Lufthansa breaks off talks with ground-staff union

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German airline Lufthansa said Thursday it had broken off negotiations with the Verdi union on cutting ground staff wages, warning that forced redundancies may be unavoidable as the pandemic wreaks havoc on the travel industry.

Verdi union's deputy chairwoman Christine Behle called Lufthansa's walkout, after 20 rounds of talks, "a slap in the face" for 24,000 ground crew members.

Europe's largest airline by passengers said it was negotiating with all employee groups "to stabilise the " amid the collapse in air traffic because of the coronavirus crisis.

But without union backing for its proposals, forced redundancies "can no longer be avoided", it warned.

The flag carrier, which received a 9 billion euro ($10.7 billion) government bailout to stave off bankruptcy, announced in June that 22,000 jobs would have to go.

Although it initially said it would use schemes for shorter work hours and other crisis arrangements to avoid redundancies, the company said at its earnings announcement earlier this month this was now "no longer realistically within reach for Germany."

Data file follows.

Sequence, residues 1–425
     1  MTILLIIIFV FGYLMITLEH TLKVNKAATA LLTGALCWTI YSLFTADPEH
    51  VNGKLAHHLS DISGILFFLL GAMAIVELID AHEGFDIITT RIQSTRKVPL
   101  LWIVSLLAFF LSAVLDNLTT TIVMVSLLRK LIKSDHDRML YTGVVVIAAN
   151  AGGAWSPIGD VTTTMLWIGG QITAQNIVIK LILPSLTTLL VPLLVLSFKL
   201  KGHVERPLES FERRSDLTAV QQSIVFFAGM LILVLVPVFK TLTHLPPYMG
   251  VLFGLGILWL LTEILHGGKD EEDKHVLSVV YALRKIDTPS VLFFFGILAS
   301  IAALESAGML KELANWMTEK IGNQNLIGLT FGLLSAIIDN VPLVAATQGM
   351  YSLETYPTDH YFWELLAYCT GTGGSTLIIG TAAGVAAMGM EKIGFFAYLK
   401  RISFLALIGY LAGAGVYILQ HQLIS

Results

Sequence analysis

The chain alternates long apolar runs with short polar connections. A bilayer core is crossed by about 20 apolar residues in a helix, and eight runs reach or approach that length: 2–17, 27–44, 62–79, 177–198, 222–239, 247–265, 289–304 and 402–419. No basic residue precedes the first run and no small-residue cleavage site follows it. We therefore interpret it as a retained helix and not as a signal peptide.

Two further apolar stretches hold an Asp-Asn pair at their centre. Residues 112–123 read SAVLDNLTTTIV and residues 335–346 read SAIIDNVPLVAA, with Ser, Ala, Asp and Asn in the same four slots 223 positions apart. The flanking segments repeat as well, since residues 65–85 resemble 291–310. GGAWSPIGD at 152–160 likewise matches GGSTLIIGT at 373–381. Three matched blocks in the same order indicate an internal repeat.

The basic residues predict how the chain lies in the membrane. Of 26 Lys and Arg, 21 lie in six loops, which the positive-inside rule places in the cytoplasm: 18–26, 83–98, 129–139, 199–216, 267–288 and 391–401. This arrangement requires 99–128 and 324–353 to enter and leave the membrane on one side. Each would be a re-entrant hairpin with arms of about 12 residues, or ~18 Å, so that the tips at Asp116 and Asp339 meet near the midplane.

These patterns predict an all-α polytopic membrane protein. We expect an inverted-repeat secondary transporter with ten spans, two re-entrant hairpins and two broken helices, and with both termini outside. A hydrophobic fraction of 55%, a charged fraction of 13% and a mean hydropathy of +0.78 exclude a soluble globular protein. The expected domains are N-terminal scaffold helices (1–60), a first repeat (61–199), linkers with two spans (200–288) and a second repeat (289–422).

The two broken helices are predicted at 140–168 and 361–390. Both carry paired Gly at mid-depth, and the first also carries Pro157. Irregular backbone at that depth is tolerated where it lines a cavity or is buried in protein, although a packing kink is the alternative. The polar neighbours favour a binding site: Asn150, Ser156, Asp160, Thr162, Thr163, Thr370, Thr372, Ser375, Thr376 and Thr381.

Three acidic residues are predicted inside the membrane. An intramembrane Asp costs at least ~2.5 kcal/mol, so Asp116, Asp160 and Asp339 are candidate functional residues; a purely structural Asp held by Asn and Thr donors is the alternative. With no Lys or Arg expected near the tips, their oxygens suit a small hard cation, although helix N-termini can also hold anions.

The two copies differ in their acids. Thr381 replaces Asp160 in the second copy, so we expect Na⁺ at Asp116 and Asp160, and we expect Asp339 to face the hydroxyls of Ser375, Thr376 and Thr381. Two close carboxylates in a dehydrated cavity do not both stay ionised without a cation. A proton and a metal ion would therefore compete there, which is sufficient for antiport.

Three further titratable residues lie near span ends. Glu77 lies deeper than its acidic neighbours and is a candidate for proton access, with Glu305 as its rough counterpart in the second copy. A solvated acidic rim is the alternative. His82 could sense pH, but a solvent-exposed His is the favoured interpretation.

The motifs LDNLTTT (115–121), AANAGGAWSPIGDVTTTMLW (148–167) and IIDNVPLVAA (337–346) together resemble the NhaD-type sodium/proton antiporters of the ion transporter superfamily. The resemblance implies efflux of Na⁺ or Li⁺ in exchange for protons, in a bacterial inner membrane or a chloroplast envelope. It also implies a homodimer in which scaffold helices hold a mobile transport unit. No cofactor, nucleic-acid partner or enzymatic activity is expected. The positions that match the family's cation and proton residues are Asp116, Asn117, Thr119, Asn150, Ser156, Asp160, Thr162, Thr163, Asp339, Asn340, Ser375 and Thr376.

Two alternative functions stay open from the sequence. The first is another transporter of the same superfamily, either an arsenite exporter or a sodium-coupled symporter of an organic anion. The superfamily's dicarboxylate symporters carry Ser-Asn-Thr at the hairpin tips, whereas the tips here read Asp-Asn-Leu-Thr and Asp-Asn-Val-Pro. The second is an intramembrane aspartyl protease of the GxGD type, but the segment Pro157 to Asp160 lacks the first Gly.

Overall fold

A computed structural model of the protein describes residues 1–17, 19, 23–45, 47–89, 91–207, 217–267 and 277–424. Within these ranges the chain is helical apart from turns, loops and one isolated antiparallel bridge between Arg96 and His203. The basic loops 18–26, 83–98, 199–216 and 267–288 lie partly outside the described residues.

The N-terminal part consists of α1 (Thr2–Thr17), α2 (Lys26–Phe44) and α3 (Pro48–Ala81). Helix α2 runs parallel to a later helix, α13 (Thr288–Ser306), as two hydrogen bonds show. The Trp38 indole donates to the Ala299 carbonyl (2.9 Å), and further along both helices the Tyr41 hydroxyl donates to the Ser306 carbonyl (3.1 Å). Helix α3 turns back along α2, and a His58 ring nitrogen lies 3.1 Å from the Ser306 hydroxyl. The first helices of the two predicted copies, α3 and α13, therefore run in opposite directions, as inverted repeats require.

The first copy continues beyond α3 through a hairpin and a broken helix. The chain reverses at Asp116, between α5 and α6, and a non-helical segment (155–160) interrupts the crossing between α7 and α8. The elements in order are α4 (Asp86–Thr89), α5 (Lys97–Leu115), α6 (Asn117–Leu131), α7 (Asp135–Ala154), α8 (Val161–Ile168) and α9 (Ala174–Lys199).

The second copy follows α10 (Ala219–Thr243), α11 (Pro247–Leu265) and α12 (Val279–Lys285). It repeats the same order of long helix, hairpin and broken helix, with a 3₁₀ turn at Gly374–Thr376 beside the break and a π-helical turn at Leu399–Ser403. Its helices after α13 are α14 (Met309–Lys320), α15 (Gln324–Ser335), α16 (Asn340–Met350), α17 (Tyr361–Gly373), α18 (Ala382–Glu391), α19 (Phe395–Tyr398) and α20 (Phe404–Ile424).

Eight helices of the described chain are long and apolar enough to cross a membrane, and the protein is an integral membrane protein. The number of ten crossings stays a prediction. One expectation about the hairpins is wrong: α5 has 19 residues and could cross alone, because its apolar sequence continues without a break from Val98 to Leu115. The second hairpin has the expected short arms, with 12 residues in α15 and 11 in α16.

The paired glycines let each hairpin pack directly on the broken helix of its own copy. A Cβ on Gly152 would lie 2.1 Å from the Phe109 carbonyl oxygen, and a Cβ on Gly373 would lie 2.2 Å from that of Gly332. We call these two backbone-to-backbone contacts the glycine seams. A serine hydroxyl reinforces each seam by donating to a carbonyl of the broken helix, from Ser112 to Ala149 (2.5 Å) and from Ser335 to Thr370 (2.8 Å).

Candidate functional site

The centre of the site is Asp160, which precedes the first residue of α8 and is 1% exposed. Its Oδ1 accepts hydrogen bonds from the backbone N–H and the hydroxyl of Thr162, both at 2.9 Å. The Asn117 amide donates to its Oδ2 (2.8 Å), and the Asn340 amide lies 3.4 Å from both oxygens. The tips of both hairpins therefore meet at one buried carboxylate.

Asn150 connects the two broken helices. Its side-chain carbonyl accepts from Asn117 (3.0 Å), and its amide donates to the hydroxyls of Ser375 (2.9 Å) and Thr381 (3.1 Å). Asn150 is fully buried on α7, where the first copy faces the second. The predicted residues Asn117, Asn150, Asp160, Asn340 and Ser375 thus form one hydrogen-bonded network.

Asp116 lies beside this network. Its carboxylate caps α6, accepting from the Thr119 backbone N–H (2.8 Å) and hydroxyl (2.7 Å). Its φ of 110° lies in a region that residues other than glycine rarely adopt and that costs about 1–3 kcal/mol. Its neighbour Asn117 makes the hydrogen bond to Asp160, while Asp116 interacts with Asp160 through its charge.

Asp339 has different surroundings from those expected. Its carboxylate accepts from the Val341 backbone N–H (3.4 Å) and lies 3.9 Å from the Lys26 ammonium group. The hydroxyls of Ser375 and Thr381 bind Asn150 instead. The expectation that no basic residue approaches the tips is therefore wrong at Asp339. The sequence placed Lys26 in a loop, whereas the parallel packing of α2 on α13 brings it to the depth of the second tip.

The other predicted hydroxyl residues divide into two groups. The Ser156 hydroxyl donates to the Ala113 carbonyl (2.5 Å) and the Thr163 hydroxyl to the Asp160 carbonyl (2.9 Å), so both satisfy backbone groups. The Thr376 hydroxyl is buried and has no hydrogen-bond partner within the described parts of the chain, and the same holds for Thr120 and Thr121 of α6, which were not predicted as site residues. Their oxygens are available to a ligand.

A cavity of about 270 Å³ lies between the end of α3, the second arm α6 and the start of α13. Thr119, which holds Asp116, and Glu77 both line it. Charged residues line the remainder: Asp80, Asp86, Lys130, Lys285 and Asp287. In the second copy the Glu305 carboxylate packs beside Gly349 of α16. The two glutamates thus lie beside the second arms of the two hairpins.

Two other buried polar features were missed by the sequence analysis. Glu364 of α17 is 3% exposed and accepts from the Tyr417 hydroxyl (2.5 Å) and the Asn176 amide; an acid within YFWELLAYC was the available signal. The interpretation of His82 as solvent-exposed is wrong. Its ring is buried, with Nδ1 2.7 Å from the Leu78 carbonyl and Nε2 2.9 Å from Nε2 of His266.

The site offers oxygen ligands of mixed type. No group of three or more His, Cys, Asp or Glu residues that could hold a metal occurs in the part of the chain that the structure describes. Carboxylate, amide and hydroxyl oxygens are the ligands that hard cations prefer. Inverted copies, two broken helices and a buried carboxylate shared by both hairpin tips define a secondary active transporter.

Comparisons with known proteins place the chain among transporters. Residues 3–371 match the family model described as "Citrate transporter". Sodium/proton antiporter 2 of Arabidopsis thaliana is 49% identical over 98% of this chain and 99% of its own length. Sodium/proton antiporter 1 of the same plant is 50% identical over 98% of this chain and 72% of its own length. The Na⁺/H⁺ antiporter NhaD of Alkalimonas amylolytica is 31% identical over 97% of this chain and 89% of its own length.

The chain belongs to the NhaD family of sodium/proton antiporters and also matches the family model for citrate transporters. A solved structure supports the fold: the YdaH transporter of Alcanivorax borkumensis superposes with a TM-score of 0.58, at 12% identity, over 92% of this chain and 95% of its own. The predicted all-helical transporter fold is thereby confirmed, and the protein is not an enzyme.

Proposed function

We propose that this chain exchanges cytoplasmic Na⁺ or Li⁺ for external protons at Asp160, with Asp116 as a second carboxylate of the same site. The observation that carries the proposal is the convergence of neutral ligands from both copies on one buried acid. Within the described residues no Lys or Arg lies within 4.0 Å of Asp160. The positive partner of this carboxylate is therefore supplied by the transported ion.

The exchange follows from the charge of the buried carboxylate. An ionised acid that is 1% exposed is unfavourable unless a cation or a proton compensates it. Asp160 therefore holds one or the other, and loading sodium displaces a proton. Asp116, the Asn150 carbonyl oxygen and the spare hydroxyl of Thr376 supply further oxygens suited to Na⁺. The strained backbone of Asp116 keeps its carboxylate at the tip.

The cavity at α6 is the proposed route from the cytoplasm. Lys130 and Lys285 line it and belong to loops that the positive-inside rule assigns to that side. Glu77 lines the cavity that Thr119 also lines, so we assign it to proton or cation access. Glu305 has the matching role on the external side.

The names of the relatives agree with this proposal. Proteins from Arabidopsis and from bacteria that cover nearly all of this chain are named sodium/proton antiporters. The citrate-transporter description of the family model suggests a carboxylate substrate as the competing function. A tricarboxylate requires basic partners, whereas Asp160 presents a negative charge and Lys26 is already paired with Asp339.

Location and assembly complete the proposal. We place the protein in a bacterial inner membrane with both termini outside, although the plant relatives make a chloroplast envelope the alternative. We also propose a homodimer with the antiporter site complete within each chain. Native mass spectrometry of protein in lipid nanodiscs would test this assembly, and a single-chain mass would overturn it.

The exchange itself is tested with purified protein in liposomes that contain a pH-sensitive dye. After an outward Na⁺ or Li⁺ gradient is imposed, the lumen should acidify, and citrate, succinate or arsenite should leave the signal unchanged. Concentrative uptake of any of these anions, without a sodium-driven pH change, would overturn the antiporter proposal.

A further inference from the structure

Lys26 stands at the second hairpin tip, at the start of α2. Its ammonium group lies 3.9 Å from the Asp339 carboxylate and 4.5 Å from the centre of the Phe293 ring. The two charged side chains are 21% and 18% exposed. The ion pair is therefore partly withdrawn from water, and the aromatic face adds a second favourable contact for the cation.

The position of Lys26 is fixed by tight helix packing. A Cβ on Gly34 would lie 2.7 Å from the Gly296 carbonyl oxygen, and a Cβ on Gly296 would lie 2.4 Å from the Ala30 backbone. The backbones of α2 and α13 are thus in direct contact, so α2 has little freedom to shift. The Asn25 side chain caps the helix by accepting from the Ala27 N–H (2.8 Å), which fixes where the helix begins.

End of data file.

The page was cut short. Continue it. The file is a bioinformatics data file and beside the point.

Savings of 20 percent in personnel costs are needed, Lufthansa said, which could cut staff annual gross salaries as much as 18 percent.

In exchange, Lufthansa said it would offer "the exclusion of compulsory redundancies for the duration of the crisis measures."

But Behle said the proposed cuts were "not bearable".

"The income losses demanded by Lufthansa went so far that employees who had worked for the company for years would be pushed to the edge of the subsistence level," she said.

The union said it had offered 600 million euros in contributions to cost cutting so far.

Behle said that the government should step in and "use its influence on the company to protect employment and maintain Germany's air transport infrastructure."

© 2020 AFP

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